It never occurred to me that I might have trouble getting from St. Petersburg to the Miami airport. Steve One said he would take me, his reliability for things like airline schedules had been proven (we did get to Lakeland for the Dylan ticket sales, didn’t we?) and yet still there was yet another plan developing behind the scenes, unbeknownst to me.

My parents drove down to say goodbye, a long drive for them and we didn’t even share a meal. Long as in a carton of Salem long, a case of beer long, these were the days when the roadways were unencumbered with things like Breathalyzers and Triple A, the cops would actually help a stranded motorist change a tire.

There was a Steve at each end of the trip. Steve One’s goodbye would coincide with my folks’, and he would kiss me in front of them before driving away, humorous because we didn’t share that kind of intimacy normally and because my parents could now be glad to see me go. A year prior, I mistakenly thought his Conscience Objection to the Viet Nam war would garner approval (he served two years at a desk job and simultaneously cared for aging parents); I look back at my naiveté on this matter.  Steve Two was already at Gower Street, scoping out Museums and Pubs.

The details are fuzzy, but I ended up riding pre-dawn to Miami with a stranger, the cousin of a friend who was going to the airport also. He seemed alarmed at my lack of luggage (if you needed more stuff, you weren’t getting away from it all) and my lack of plane ticket. This was the day of Freddie Laker,where you went to the airport and stepped on to the next available seat to Gatwick.  That Heathrow would have been the airport of desire was another detail overlooked by me. This was before smart phones and databases; this was the era of maps and hearsay.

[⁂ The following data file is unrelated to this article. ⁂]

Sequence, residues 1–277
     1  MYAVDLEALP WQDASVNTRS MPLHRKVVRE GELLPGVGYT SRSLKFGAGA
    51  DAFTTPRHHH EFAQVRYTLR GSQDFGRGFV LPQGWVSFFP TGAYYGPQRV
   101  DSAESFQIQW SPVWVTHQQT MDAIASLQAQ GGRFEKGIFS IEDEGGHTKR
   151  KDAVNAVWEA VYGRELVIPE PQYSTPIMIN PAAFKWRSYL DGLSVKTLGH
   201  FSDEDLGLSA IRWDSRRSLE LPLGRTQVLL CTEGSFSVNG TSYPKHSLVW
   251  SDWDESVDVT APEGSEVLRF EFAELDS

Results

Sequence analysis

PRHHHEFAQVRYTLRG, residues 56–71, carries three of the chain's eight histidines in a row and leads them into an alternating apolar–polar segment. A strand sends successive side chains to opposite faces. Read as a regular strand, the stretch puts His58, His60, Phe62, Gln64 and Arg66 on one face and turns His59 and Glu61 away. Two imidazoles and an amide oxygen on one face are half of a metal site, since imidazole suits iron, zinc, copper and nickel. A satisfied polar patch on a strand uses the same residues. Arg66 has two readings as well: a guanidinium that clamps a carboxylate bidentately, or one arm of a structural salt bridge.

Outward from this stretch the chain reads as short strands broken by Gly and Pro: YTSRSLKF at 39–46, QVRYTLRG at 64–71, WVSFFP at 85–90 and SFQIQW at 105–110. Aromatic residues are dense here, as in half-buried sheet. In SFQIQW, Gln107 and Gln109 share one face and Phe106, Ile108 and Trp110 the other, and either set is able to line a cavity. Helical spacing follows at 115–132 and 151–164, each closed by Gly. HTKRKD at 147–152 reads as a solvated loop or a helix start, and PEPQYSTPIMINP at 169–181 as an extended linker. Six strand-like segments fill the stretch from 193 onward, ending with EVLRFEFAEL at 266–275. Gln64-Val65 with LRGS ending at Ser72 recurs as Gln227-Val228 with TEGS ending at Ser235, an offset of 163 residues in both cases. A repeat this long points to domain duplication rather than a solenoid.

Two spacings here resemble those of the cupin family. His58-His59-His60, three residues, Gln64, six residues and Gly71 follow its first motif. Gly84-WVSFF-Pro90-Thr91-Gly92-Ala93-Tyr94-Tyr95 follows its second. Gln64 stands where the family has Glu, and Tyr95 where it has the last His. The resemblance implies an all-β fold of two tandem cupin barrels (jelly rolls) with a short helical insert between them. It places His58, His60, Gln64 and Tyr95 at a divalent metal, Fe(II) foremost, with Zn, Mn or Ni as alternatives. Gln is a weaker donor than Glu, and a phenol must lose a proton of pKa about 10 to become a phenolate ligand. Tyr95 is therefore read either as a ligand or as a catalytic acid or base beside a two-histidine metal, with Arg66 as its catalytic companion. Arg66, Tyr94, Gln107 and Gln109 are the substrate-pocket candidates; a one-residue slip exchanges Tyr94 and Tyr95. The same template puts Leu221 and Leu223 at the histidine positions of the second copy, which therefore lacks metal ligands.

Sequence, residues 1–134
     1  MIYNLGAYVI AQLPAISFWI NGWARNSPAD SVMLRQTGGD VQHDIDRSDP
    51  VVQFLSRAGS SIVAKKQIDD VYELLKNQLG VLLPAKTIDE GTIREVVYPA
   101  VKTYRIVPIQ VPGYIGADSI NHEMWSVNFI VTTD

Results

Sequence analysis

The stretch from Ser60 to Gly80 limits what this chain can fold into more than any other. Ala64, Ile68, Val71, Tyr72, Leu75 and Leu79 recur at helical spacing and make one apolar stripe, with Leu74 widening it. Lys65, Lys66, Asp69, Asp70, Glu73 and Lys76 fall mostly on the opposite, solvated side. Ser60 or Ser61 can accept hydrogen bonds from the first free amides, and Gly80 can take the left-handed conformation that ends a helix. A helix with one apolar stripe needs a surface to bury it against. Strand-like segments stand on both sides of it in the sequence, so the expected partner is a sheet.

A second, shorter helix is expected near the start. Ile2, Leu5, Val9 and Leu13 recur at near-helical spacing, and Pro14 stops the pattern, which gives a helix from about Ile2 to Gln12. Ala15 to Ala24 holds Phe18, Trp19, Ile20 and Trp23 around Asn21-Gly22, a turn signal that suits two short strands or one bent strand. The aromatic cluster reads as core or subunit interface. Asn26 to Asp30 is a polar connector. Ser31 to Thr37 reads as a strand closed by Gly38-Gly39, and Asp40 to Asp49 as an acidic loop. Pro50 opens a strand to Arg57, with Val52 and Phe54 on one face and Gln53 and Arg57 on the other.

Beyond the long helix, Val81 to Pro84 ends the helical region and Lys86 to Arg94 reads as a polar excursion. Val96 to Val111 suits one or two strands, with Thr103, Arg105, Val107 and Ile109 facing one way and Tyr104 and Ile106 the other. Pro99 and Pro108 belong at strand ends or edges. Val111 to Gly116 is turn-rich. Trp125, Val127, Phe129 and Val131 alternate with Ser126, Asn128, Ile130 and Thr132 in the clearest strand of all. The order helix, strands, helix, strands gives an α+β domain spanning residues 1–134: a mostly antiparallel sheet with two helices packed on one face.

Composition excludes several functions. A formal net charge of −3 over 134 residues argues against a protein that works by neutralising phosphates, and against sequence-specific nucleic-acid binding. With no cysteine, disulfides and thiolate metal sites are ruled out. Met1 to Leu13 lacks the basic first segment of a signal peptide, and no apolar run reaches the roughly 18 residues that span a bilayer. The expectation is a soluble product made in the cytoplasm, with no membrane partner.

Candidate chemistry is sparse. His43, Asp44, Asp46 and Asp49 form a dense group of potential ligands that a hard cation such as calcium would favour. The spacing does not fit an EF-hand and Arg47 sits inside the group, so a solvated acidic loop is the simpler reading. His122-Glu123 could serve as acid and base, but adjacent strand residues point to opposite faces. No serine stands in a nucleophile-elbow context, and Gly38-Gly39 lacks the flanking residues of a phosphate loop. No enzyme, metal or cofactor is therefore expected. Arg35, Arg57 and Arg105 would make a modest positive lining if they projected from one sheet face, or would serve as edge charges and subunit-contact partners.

I didn’t need a crush; I was flanked by Steves and had grown to see things as unrequited before they had a chance to take root. But it didn’t get by me that my driver was handsome and talkative, and we were riding in an awesome car with an awesome stereo. We developed a bond over the five hour drive and he didn’t want to leave me alone without a ticket, but I assured him I would be fine and watched him leave for the gate for his pre-paid conventional flight.

I only had to watch one plane take off before it was my turn. After a 3 hour wait I was buckled in and feeling the relief of take-off. I was relieved to be heading to my semester abroad that I had dreamed and planned for years. Relief to be out of the crowded waiting room, relief that I only had to wait for a few hours to get my seat, relief that in a day I would be seeing Molly and Ken, and resuming my plan for my life.

-Part 2-

By the time I arrived at 35 Gower Street I had been awake for 24 hours not including the 9 hour flight. I was too excited to nap on the plane so I thought I would try cocktails. After the flight was the train, where I met a guy who whipped out a notebook and wrote out directions for me to London’s center. We shared more cocktails and he repeated for me, three times, that the key to travel was to hold on to your ticket stub, that, unlike America, you would not be able to get off the train without your ticket. He gave me a lot of advice on currency exchange and how to use the Tube, and where to go on a tough day (sit through a Scientologist presentation and they will feed you a hot meal).

English: Street Sign in London, Gower Street, ...

English: Street Sign in London, Gower Street, Camden. (Photo credit: Wikipedia)

I knocked on the door and was greeted with the searching eyes of the housekeeper who must have been alarmed by my appearance, if not my fragrance. I had a suitcase and a guitar. Years later I would compare this fatigue to the ins and outs of anesthesia…you want to come out but you kinda don’t. Someone slaps you in the face. There’s usually a headache involved.

The official students had been there for a few days, and from the top of the stairs I heard David yelling “Do I hear Jaye?” I was surprised by his surprise, why didn’t people believe me when I said I was going to London?